Saturday, February 18, 2012

Olustee #12 - An Attempt to Stop the Battle of Olustee

Headquarters on Hilton Head Island
Major General Quincy A. Gillmore was at his headquarters on Hilton Head Island in South Carolina 148 years ago today (February 18, 1864) when he received Brigadier General Truman Seymour's letter informing him of plans for the Union army to advance to Lake City and then the Suwannee River.

The news came as a complete surprise to Gillmore, who had ordered his subordinate to remain on the defensive along the railroad between Baldwin and Jacksonville:

...On the 18th, I was greatly surprised at receiving a letter from General Seymour, dated the 17th, stating that he intended to advance without supplies in order to destroy the railroad near the Suwannee River, 100 miles from Jacksonville. I at once dispatched General Turner (my chief of staff) to Jacksonville to stop the movement. - Gen. Quincy A. Gillmore, USA, March 7, 1864.

Gen. Q.A. Gillmore, USA
The two generals were now engaged in a dispute that had the potential to either make them both heroes or to destroy both of their careers. It had never been Gillmore's plan to engage his army in a pitched battle with the Confederates unless he was present and commanding in person. Seymour, on the other hand, seems to have been determined to do so, preferably without his commanding officer.

The curious situation raises the obvious question: Was Truman Seymour a glory hunter or did decide to act against his direct orders for other reasons?  There is no way of knowing the answer. He clearly held no great regard for Gillmore, while the latter officer seemed more shocked than anything at his subordinate's decision to act independently.

Gen. Truman Seymour, USA
The one thing that can be said is that Seymour clearly timed his plan to match with Gillmore's absence from the scene. He knew that any message from him to his commander had to travel first to Jacksonville and then from there up the Atlantic coast by ship to Hilton Head Island. It was winter time and storms were frequent along the coast. It could take anywhere from 24 to 48 hours just to pass a message from one point to the other.

How much Seymour knew of the strength of the Confederate army gathering at Olustee is not known. There is no evidence that he sent cavalry forward to feel Finegan's position in the days before the battle or that he had any real intelligence at all on the whereabouts and size of the Southern commander's force.

In short, Seymour was about to advance against direct orders and to engage a Confederate force about which he knew virtually nothing. He was short of supplies and apparently planned to "live off the land" to achieve his goal of taking Lake City and disrupting Southern railroad traffic at the Suwannee River bridge.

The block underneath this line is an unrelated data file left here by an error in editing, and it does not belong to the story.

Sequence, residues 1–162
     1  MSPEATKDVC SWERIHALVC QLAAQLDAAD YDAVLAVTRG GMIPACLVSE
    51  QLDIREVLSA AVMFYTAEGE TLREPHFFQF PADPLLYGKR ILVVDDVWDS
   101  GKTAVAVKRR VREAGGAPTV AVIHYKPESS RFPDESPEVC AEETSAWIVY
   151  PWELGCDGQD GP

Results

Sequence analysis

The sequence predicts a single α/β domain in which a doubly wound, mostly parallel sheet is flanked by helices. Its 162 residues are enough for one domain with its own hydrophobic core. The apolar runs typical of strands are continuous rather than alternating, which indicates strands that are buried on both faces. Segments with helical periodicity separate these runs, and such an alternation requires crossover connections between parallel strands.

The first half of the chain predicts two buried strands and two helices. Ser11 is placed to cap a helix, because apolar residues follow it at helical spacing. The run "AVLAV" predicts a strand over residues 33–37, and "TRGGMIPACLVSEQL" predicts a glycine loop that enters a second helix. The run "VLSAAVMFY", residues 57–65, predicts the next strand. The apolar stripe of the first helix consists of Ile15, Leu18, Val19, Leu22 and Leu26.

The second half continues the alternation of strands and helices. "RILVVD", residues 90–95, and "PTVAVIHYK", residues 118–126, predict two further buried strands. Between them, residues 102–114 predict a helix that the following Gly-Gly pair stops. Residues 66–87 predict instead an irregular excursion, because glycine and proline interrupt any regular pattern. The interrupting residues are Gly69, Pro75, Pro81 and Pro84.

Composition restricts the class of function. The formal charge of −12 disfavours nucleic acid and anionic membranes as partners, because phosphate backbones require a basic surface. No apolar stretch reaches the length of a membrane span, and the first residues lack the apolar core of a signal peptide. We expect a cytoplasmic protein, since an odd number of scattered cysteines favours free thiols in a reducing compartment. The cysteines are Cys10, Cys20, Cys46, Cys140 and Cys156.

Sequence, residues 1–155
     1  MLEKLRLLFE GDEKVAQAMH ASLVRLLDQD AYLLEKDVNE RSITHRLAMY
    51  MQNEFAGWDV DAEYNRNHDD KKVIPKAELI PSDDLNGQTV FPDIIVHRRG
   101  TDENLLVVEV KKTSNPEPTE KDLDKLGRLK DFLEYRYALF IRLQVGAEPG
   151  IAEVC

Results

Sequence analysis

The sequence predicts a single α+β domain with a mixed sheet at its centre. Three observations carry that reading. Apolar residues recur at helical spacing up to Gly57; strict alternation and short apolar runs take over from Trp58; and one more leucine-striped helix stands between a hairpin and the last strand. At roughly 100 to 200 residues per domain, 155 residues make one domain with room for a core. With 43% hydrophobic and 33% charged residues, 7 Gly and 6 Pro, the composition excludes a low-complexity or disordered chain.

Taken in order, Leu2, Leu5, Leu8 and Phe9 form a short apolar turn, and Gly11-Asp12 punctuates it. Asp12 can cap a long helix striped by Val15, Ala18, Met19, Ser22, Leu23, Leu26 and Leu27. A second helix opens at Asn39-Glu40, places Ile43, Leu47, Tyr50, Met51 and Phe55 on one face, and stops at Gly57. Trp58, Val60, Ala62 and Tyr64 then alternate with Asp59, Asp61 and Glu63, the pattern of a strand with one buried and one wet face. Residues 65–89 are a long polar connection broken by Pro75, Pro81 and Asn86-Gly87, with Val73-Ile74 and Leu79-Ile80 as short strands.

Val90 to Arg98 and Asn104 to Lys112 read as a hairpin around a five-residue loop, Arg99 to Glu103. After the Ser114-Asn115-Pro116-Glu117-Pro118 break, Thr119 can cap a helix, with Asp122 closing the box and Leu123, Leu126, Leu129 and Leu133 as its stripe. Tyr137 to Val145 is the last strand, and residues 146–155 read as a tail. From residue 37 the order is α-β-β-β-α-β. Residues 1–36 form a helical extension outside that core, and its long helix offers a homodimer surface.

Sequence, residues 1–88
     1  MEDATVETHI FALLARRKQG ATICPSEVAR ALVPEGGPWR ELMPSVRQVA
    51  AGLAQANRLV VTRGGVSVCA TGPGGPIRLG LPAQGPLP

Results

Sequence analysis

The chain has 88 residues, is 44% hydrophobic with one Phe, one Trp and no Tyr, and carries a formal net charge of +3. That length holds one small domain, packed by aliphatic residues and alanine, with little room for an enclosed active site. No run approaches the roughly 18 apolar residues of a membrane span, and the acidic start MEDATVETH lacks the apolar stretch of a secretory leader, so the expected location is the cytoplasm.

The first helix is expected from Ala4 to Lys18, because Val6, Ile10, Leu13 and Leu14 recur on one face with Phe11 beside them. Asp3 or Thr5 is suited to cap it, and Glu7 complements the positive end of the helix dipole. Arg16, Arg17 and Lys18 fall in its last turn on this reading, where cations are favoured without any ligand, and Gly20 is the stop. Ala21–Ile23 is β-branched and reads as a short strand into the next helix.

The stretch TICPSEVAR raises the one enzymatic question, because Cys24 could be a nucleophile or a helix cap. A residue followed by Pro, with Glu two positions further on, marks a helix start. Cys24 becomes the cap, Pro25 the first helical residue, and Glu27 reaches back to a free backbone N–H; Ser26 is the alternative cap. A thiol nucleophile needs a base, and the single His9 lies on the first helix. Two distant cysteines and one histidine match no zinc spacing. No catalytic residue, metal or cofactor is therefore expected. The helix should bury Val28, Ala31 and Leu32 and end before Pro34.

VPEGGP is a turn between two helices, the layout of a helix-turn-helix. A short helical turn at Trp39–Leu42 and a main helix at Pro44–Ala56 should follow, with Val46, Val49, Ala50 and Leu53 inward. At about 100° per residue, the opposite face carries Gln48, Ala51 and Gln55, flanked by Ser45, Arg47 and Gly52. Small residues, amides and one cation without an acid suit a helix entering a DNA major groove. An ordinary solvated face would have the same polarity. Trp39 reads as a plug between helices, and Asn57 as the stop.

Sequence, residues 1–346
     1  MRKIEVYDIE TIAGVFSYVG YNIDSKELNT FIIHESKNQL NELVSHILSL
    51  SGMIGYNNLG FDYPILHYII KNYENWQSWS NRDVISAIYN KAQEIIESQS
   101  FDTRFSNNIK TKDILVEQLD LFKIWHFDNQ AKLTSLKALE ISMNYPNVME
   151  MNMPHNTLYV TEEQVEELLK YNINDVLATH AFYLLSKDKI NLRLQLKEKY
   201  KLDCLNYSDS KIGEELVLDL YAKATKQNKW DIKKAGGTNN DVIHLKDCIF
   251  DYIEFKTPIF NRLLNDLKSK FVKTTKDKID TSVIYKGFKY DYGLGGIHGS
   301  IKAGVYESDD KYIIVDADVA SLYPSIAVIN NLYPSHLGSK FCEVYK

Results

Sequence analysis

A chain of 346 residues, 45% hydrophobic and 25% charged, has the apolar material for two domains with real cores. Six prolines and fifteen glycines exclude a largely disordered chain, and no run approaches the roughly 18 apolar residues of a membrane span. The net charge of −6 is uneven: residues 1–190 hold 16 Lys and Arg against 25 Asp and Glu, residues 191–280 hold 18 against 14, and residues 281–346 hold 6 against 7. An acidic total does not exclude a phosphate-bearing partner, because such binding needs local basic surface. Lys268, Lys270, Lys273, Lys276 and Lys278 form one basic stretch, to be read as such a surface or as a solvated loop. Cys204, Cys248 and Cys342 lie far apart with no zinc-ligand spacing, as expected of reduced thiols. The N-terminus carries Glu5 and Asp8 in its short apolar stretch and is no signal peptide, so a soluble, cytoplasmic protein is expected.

Gen. Joseph Finegan, CSA
While the two Union generals battled, the Confederates moved with an extraordinary degree of cooperation to push troops into Florida. Trains moving both east from Tallahassee and Quincy and south from Charleston and Savannah came loaded with soldiers, horses, artillery and ammunition. The trains from Middle Florida could run all the way to Camp Beauregard at Olustee where General Finegan had entrenched and was waiting to see what the Federals would do. The railroad coming south from Georgia and South Carolina had not been extended all the way to the east-west railroad yet and the soldiers had to de-train and march for around 26 miles before they could board other cars to continue their journey on to Olustee.

The ranks of Finegan's army rapidly swelled in the days before the Battle of Olustee:

Gen. Alfred H. Colquitt, CSA
...In this time my command was increased by the arrival of re-enforcements, and I organized the command as follows: The Sixth, Nineteenth, Twenty-third, Twenty-seventh and Twenty-eighth Georgia Regiments Infantry and the Sixth Florida Battalion Infantry, as the First Brigade, under the command of Brigadier-General Colquitt with the Chatham Artillery (four guns) attached. The Thirty-second Georgia Volunteers, First Georgia Regulars, Sixty-fourth Georgia Volunteers, First Florida Battalion, and Bonaud's battalion, as the Second Brigade, under command of Col. George P. Harrison, Thirty-second Georgia Volunteers, with Guerard's light battery attached, the Florida Light Artillery being held in reserve. I assigned Col. R.B. Thomas, C.S. Army, to duty as chief of artillery, and organized the cavalry into a brigade, under the command of Col. Caraway Smith, Second Florida Cavalry, my whole effective force being as follows: Infantry, 4,600; cavalry, less than 600; artillery, 3 batteries - twelve guns. - Gen. Joseph Finegan, CSA, February 26, 1864.

The Battle of Olustee was now less than 48 hours away.

I will continue to post on the Olustee Campaign over the coming days, so be sure to check back daily for the latest. On Monday, the 148th anniversary of the battle, I will post throughout the day on the events of the battle itself. To learn more anytime, please visit www.exploresouthernhistory.com/olustee.

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